In December 2005, Pittsburgh police charged a woman, whose name we are withholding, with stalking, criminal mischief and harassment. Her ex-boyfriend told police she stalked him at home and work and vandalized his car.
Police have been looking for her since last July, after she failed to show up for a court hearing, and a judge issued a warrant for her arrest.
But Team 4 cameras found her at a Pittsburgh preschool, working in a classroom as a family services specialist.
Woman: “I don’t want to be on the news, thank you.”
If convicted of stalking, she could be disqualified from working with children, but Superintendent Mark Roosevelt told Team 4 that he was not even aware of her case.
Roosevelt: “I would agree that would be a serious question, and probably in that case, the best thing to do would be for the teacher to be on leave until it is determined whether they’re guilty or innocent of such an offense.”
But they can’t go on leave if school officials don’t know about them. And the Pittsburgh School District, like most others, has no procedure for finding out about teachers charged with crimes after they’re hired.
Why? State law does not require it.
So Team 4 did our own checking and found 135 Pittsburgh school employees who’d been convicted of crimes.
Among them, a preschool teacher with three drug convictions in two years, including possession of heroin and crack.
Also found was a teacher with two assault convictions in two years. In one case, he broke another teacher’s jaw on a school basketball court.
Another employee Team 4 found was a family services specialist who lost her job at Allegheny County’s Child Youth Services after she was convicted of stealing $7,000 from poor and elderly clients.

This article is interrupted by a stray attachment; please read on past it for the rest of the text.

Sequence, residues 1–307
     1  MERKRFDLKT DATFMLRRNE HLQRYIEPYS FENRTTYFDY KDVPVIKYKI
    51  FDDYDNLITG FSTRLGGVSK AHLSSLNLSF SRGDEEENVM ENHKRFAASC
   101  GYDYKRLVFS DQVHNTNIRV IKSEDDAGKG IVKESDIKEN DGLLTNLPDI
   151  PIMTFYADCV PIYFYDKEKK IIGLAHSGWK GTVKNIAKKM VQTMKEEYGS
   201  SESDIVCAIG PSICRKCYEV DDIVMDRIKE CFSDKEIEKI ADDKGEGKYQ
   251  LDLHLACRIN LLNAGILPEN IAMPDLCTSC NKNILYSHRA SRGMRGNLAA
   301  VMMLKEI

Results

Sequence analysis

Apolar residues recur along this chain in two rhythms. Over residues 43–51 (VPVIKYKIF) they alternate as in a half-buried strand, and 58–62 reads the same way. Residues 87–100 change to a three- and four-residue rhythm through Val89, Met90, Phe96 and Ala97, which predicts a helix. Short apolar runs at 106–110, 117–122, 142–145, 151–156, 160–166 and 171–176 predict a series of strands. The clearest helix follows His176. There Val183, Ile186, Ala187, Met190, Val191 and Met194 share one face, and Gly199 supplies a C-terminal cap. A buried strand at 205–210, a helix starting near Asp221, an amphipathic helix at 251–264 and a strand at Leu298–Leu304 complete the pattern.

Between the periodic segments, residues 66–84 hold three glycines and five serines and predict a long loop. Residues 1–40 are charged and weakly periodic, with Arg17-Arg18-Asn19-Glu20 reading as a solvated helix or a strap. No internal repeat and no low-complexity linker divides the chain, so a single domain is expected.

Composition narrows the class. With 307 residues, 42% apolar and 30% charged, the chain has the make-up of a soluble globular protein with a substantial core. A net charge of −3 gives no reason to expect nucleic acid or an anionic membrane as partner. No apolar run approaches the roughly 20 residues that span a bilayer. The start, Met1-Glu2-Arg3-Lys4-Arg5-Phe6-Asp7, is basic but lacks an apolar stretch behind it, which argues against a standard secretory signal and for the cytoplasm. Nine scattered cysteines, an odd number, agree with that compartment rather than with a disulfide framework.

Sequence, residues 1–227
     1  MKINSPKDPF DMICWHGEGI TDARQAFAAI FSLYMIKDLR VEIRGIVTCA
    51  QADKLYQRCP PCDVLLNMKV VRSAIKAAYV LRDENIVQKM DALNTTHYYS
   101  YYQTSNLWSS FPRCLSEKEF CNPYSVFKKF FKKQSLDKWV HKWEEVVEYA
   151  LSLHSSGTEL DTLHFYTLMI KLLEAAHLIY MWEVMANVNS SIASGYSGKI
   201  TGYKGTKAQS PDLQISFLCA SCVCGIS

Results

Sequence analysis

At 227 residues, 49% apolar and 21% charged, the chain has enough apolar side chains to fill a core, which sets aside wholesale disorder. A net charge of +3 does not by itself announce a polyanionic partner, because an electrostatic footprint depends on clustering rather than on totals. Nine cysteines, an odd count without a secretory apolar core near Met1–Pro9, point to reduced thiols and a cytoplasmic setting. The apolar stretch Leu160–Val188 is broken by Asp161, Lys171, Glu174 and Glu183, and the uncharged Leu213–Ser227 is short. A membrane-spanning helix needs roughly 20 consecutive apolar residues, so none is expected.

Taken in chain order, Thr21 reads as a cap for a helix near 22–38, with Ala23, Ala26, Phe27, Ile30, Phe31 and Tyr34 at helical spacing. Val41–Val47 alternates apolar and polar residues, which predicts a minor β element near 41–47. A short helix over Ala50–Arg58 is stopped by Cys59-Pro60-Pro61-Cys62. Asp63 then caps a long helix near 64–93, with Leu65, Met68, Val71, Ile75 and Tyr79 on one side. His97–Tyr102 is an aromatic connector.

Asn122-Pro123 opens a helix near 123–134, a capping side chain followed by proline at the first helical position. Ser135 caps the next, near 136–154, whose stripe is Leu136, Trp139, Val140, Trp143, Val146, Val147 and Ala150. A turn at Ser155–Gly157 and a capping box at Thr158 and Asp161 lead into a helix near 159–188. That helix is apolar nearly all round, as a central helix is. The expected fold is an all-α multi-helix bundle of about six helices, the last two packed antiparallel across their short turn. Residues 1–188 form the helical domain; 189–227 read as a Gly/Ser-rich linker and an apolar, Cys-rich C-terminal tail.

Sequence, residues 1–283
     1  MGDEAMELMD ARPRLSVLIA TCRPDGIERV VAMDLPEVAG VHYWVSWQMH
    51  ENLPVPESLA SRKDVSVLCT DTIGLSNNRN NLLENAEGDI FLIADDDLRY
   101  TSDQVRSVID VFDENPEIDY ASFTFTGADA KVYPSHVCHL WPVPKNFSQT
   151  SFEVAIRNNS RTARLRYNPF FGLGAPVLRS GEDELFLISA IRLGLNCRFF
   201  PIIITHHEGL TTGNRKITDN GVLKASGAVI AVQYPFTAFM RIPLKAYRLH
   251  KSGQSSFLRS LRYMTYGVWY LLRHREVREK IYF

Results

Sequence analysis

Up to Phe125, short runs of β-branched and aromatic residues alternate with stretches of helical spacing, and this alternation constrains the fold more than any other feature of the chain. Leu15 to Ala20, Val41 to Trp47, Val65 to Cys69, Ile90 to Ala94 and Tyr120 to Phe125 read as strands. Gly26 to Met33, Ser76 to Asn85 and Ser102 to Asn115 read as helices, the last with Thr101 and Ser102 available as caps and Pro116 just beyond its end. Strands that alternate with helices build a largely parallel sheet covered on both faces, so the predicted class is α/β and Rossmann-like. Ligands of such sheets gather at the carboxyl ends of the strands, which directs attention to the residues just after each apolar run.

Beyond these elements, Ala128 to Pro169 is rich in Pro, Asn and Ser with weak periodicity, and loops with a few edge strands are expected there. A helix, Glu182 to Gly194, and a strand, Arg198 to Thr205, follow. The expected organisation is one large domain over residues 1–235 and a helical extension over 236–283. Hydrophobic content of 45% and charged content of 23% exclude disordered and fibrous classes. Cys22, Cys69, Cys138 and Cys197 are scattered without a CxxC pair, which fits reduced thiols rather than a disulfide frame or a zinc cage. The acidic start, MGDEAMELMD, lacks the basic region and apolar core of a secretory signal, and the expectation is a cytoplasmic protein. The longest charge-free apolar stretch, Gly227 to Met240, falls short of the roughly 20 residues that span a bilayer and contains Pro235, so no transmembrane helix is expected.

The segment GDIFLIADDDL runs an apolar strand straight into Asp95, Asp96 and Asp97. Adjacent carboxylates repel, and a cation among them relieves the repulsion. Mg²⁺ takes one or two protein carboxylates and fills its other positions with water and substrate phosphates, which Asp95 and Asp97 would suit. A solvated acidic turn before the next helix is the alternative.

And another was a food service worker convicted of drug charges after she told police she’d been dealing cocaine for three years.
One elementary school teacher was convicted of aggravated assault after she punched a police officer in the face. Under state law, that conviction would keep her from ever getting hired as a teacher, but the State Education Department said city school officials never reported her conviction.
“That would certainly be a concern, and I don’t know, obviously, of the person you are talking about,” said Roosevelt.
One security officer at a city high school is currently facing aggravated assault charges. Police said he beat a teacher so severely that the victim required facial surgery.
If convicted of that offense, he would be banned from working with children if he tried to go to another school district.
Van Osdol: “Yet, he’s still working around kids at a high school. Is that something that would be a concern?”
Roosevelt: “Absolutely. Yes.”
“You’d think it would be a no-brainer to put in for protection of students and the community, but it’s been very difficult,” said State Sen. Jane Orie.
Van Osdol: “Why has it been so difficult?”
Orie: “There’s been no interest and a lot of objections from the teacher’s unions themselves on these issues.”
Pittsburgh teacher’s union president John Tarka said that’s because the vast majority of teachers have no criminal record.
“Do we go through expense and difficulty and time of instituting an annual records check when you have such a small number? I would say we don’t,” said Tarka.
But Orie said parents deserve to know if people with criminal records are teaching their kids.
“Every school district should be alerted to any criminal history any teacher has,” said Orie.
Last year, the Legislature did make changes to the background check law. Starting in April, new school employees will be subject to national criminal checks done by the FBI. That change was made after several teachers with criminal records in other states were hired by districts in eastern Pennsylvania.
However, under the new law, there is still no requirement for regular background checks after teachers have been hired and no change in the types of crimes that will keep someone from being hired.